98. Holding the phone next to your heart

The orange phone has made it into previous posts. We inherited some kitschy items with the cottage, and in 10. Clara’s Kitsch, I conducted a poll to discover readers’ favorites. The orange phone won by two votes. Several readers suggested we hang it in the bathroom by the water closet.

Mr. H.C. doesn’t remember having this orange phone at his childhood home; he says their kitchen was turquoise and they had a black wall phone. So Clara and Joe must have picked out the orange phone especially for the 70s orange decor of the cottage. But they transferred their telephone number from that black wall phone. 627-5590. It’s the number I remember calling (even though I wasn’t allowed to call boys…)  It’s the number on the orange phone.

I still have a nice square foot section of this wallpaper to frame and hang somewhere…

Found this photo on E-Bay -- it's for sale for $60.

Found this photo on E-Bay — it’s for sale for $60.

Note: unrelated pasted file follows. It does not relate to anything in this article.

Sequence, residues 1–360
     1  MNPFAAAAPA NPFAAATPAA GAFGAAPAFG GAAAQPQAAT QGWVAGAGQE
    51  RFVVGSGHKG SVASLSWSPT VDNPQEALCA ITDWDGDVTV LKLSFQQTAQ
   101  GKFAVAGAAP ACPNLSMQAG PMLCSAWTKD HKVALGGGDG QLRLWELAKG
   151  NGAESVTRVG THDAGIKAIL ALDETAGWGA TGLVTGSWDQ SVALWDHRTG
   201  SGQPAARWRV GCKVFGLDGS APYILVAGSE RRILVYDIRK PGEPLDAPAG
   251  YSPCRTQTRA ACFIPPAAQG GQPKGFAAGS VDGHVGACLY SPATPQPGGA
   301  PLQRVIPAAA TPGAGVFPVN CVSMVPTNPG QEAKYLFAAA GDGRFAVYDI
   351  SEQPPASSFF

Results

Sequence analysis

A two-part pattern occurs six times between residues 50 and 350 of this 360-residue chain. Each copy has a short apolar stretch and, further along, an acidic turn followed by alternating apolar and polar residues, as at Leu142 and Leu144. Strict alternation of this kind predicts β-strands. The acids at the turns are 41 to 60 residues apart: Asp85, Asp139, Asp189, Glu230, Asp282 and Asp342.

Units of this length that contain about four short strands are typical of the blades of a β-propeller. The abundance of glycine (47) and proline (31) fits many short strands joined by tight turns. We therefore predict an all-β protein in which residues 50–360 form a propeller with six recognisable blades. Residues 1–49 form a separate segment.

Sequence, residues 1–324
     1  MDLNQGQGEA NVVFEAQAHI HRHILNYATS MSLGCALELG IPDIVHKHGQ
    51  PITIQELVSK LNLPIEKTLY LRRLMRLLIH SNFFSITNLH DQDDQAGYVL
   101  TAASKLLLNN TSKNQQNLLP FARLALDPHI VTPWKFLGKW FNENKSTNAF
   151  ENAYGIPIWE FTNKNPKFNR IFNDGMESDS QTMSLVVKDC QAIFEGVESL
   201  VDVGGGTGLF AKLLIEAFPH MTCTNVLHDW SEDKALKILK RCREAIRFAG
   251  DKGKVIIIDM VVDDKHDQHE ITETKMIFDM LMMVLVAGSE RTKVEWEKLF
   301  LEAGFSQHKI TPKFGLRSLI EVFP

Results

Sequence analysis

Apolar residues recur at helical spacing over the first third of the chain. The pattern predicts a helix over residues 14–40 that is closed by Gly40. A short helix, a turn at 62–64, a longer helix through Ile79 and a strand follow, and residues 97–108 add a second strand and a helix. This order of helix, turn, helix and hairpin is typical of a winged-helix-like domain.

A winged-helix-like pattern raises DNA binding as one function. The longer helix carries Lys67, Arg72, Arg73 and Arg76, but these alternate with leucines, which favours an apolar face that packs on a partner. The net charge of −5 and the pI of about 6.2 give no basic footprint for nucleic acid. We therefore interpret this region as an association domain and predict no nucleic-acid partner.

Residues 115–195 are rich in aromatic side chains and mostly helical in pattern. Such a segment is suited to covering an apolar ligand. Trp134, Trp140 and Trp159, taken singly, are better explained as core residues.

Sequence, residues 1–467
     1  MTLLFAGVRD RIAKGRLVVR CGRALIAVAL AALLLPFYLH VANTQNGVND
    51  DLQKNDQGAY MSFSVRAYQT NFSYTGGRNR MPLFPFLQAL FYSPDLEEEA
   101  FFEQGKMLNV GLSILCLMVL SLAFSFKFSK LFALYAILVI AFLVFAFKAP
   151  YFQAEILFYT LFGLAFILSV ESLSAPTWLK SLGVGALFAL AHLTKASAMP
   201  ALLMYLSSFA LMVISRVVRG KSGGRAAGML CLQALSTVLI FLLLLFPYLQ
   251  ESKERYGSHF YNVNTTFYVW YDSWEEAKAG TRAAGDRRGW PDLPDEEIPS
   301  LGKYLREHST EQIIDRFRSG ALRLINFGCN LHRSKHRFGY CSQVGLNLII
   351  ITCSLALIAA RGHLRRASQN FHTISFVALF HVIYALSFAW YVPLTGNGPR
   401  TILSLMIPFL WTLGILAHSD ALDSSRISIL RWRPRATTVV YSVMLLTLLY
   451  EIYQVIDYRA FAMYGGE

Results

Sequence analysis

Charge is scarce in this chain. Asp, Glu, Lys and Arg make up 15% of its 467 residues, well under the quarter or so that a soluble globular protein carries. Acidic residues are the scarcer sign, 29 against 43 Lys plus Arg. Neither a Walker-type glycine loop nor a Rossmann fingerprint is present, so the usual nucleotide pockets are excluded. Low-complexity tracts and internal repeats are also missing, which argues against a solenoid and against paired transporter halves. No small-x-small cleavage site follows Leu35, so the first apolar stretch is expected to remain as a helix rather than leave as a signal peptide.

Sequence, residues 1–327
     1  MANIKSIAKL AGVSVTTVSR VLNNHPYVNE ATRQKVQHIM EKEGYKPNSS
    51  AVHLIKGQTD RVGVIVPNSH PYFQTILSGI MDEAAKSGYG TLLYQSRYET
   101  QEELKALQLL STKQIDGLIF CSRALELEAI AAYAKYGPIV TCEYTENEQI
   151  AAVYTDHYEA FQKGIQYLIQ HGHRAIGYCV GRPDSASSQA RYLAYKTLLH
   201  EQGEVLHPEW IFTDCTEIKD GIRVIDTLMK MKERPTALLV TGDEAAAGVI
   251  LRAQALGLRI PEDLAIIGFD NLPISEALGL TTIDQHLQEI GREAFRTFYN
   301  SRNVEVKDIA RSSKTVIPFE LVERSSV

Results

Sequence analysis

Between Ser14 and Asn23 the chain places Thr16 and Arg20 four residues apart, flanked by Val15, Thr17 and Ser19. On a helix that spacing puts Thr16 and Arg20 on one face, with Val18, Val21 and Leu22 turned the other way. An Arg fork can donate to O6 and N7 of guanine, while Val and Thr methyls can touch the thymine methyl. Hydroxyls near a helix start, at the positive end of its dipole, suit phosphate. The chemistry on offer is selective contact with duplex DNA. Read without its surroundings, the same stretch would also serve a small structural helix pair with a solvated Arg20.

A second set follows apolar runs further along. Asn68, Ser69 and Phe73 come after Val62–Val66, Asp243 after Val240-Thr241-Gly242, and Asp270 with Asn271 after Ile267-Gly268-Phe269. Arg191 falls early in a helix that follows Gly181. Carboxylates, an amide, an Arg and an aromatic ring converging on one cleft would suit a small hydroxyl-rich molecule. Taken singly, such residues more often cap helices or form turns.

The phone at our childhood house was a green desk phone that sat right outside the kitchen. It was the number one public area of the house, and there was no such thing as a private phone call. Mom would sit at the chair with her morning coffee and talk to her friends. We three girls would sit with our cokes and talk to friends in the evening. I remember when our original phone number (1696-L) was changed to 627-5804, but we only had to dial the last five digits because everyone in town had the same first three numbers. My dad transferred this number when he moved to his apartment in town — that was his phone number until the day he died…